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Voronin Stays True To Form


Moldovan ex-President Vladimir Voronin

Moldovan ex-President Vladimir Voronin

Moldova's Communist ex-President Vladimir Voronin can be accused of many things. But a lack of consistency is not among them.

To many, his recent jibe at Romanian Prime Minister Emil Boc appeared incomprehensible for the head of the largest party -- granted, a Communist one -- of a new European country. More precisely, Voronin earlier this week appealed to the European Union to "condemn" Boc's statement at the United Nations General Assembly in which he said Romania does not recognize the Nazi-Soviet Pact of August 24, 1939, better known as the Molotov-Ribbentrop pact.

Voronin was irritated that Boc's statement was "humiliating" to Moldova's statehood, he argued -- thus appearing to concede that Moldova owes its very existence as a state to that infamous Soviet-Nazi pact.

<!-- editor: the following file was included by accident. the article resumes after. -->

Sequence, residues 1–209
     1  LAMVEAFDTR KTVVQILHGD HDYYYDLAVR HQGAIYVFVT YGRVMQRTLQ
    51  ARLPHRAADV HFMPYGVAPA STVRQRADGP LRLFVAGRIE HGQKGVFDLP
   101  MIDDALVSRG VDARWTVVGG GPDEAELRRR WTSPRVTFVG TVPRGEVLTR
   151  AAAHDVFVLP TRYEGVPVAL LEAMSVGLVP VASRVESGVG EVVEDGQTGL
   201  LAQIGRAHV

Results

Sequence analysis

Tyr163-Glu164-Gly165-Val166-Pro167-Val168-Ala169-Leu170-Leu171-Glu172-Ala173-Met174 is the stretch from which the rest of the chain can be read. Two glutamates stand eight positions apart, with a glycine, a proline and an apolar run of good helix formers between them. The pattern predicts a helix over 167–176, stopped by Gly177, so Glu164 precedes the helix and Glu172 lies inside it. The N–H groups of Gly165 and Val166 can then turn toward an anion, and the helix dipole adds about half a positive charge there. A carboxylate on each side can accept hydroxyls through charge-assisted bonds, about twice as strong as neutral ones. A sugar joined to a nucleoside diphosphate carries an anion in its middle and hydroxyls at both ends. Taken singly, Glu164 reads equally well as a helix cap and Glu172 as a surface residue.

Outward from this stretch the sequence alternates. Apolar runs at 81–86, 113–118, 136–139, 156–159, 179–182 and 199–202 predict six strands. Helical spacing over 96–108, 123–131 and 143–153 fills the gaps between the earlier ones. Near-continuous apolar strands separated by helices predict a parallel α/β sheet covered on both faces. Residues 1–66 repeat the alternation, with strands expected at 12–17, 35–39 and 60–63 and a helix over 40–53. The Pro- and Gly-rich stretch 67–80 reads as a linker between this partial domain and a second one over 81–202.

The secret protocols of the pact provided for a division of spheres of influence between the Soviets and the Nazis, of course. More specifically, the Russians got Hitler's approval for invading and annexing eastern Poland, the Baltics, and Romania's eastern province of Basarabia, which forms most of present-day independent Moldova.

Beyond Voronin's demand that the European Union condemn an official from a member country for rejecting the Molotov-Ribbentrop pact -- might Voronin want the EU to recognize the Nazi-Soviet deal? -- the statement represents an implicit admission of his own party's illegitimacy. For Voronin has remained faithful to his Communist credo -- no matter how absurd it might sometimes sound -- that the Soviet invasion and occupation was, in fact, a liberation for Moldova, as he told RFE/RL in 2005.

-- Eugen Tomiuc

About This Blog

Written by RFE/RL editors and correspondents, Transmission serves up news, comment, and the odd silly dictator story. While our primary concern is with foreign policy, Transmission is also a place for the ideas -- some serious, some irreverent -- that bubble up from our bureaus. The name recognizes RFE/RL's role as a surrogate broadcaster to places without free media. You can write us at transmission+rferl.org

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